We demand a treatment with dignity and the upholding of human rights by the Mexican government for individuals fleeing war, violence, natural disasters and poverty.   

News Article

El Salvador: Widespread Abuses Under State of Emergency

After interviewing more than 1,100 victims (or their relatives) of the government’s State of Emergency, Cristosal and Human Rights Watch released in December 2022 an 89-page report, “‘We Can Arrest Anyone We Want’: Widespread Human Rights Violations Under El Salvador’s ‘State of Emergency’” , which documents mass arbitrary detention, torture and other forms of ill-treatment against detainees, enforced disappearances, deaths in custody, and abuse-ridden prosecutions. President Nayib Bukele’s swift dismantling of judicial independence since he took office in mid-2019 enabled the abuses. Human Rights Watch and Cristosal have not been able to identify any meaningful investigations into the hundreds of allegations of human rights violations committed during the State of Emergency.

Since the State of Emergency (aka State of Exception) was declared in El Salvador in March of 2022, the country has seen thousands of power abuse cases by the military and other security forces. Many arbitrary arrests appear to have been driven by a policy of “quotas” imposed by commanders in the National Civil Police, according to police officers. Between March and November 2022, security forces arrested more than 58,000 people:

-1,600 children

-hundreds of arrests without connections to gangs

-51,000 in pre-trail detention 

-a spike in the prison population from 39,000 in March 2022 to 95,000 in November 2022

-overcrowded cells with up to 125 prisoners in cells constructed for 30

-90 deaths in prison without investigation

-up to 500 sentenced in unjust mass judicial processes.

These circumstances are fueled by authorities requiring certain numbers of daily arrests, intimidating independent judges who are trying to investigate human rights violations, and stigmatizing independent journalists and civil society groups. This paired with the lack of access to lawyers makes for a system in which no one is safe from unjust arrests.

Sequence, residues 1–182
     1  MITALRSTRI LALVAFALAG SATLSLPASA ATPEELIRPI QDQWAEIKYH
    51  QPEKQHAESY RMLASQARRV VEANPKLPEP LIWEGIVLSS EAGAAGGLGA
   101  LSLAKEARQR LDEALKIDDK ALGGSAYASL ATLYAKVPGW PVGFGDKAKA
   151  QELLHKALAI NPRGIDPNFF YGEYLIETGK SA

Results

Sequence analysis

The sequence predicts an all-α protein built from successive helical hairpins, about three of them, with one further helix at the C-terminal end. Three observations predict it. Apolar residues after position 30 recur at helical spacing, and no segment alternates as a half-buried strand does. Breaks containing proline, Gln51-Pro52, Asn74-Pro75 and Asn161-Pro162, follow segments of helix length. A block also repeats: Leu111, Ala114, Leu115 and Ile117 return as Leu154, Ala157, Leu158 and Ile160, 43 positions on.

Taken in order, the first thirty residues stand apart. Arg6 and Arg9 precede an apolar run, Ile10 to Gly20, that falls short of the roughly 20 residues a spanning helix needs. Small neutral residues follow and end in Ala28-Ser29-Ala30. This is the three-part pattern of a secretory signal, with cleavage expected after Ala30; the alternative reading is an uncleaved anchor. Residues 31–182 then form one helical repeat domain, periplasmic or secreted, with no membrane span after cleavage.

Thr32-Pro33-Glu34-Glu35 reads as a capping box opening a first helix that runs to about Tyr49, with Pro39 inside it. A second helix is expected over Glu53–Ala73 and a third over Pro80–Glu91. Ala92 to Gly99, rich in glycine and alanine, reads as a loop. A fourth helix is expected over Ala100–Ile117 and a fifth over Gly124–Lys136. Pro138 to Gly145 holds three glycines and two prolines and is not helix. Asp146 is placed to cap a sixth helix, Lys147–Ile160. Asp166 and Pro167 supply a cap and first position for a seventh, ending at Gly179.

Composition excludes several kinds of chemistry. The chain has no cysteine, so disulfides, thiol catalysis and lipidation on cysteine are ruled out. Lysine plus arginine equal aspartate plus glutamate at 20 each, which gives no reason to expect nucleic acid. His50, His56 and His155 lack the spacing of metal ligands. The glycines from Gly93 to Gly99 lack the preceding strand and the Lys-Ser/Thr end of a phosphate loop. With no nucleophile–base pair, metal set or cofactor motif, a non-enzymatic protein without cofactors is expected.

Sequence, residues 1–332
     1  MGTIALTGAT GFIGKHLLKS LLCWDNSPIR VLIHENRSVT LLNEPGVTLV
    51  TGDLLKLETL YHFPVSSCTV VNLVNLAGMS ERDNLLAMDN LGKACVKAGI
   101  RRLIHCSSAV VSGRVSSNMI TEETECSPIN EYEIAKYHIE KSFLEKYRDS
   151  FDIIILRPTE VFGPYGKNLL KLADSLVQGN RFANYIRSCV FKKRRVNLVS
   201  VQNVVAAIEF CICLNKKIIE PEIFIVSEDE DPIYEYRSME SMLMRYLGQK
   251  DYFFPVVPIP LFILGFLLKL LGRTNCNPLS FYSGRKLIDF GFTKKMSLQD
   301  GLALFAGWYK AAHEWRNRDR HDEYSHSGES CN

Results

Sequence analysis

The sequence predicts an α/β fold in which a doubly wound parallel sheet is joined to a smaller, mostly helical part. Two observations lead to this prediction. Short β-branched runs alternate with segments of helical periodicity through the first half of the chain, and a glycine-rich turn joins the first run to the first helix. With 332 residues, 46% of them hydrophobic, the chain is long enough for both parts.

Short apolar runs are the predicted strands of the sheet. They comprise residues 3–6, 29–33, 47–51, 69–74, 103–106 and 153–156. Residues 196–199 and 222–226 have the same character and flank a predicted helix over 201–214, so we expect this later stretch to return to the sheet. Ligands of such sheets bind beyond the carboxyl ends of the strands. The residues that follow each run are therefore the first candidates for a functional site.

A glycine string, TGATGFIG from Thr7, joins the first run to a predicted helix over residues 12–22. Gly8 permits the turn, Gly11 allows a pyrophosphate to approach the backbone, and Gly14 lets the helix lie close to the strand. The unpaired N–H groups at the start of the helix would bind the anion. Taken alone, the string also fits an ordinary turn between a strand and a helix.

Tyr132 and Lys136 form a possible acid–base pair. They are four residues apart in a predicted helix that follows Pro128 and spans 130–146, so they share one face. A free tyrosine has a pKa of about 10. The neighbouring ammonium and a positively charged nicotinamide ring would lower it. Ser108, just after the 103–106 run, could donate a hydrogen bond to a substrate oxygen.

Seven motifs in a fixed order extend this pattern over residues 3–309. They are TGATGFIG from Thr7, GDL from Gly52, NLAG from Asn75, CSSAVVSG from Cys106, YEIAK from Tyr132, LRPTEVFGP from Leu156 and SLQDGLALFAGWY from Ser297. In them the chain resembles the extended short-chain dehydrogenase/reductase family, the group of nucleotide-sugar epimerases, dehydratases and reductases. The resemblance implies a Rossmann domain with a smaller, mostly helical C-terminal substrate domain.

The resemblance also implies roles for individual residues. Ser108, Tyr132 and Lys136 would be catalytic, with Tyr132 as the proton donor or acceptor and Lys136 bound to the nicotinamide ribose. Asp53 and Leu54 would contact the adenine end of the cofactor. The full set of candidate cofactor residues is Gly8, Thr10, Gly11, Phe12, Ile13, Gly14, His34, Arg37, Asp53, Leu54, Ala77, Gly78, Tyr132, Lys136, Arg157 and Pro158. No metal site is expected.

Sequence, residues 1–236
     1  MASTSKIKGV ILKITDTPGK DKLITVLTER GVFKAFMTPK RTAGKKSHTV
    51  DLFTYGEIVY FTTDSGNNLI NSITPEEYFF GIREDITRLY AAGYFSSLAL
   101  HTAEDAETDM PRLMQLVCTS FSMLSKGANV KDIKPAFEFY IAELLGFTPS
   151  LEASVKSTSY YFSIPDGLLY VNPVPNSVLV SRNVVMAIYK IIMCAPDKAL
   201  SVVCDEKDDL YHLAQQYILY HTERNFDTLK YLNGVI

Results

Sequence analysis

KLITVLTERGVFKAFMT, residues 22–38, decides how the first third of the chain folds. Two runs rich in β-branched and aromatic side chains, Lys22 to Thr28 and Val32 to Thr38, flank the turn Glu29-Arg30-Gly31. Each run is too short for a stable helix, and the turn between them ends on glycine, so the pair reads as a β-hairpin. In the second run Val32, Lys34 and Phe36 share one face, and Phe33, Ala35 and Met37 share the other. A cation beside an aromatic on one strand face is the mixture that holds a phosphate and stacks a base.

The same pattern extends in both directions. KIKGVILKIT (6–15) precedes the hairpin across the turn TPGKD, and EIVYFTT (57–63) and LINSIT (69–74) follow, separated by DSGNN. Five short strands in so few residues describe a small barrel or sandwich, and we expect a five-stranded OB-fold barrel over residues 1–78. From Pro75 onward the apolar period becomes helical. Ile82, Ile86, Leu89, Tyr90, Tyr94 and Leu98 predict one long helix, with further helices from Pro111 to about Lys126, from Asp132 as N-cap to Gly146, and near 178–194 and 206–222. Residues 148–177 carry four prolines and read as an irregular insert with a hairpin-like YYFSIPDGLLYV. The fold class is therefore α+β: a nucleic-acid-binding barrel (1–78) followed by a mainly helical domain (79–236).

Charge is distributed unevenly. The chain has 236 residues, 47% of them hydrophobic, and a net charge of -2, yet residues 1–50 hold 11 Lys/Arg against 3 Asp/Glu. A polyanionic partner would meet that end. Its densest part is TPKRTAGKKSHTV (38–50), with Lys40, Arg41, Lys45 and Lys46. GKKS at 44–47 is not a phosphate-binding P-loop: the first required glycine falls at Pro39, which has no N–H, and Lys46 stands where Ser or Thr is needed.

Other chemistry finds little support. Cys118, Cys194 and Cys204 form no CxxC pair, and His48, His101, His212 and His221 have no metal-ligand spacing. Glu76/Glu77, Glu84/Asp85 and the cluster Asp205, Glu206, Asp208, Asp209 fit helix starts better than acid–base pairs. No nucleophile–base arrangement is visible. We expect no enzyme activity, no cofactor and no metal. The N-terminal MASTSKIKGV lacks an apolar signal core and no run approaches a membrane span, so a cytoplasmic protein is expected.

More and more voices are calling for alternative strategies to fight organized crime. Civil society groups and activists criticize the government’s failure to:

-invest in prevention and reintegration

-address illegal economies helping gangs


New strategies would include tackling root causes of gang membership, such as:  

-high levels of poverty

-social exclusion

-focus criminal persecution on high level gang leaders.

State violence and mass arrests are only two of the ways in which the Salvadoran government is crushing down on its population. Civil society groups are calling for international support for independent journalists and grassroots organizing groups that are under attack. Furthermore, the groups call on the international community to suspend existing loans involving the National Civil Police, armed forces, the Attorney General’s Office and the prison system.

Read the full report at


News Article

After nine months, the Salvadoran Congress has once again voted for an extension of the ongoing State of Emergency (aka State of Exception) in the country. This marks the tenth extension and will be in effect from January 17 until February 15. The extension was passed with 67 votes in favor, an immense approval rate in a Congress with only 84 seats. President Bukele justifies this by claiming that 80% of the country is controlled by gangs, with Mara Salvatrucha (MS13) and Barrio 18 being the largest with an estimated membership of 70,000 members between both of them.

Earlier this month the Salvadoran government announced a drop of 56.8% in the country's murder rate. But the government's number of 496 registered homicides is questionable at best. Many deaths are never registered, and killings during clashes between gang members and security forces are not included. Civil rights groups have counted at least 600 killings in 2022. With the State of Emergency going into its 11th month, activists and rights groups keep articulating concerns about power abuses by security forces. 

The official detention numbers since March 2022 have risen to 61,000 detentions. In January, Human Rights Watch published a statement putting forward the fact that "hundreds of people with no connections to gangs have been detained."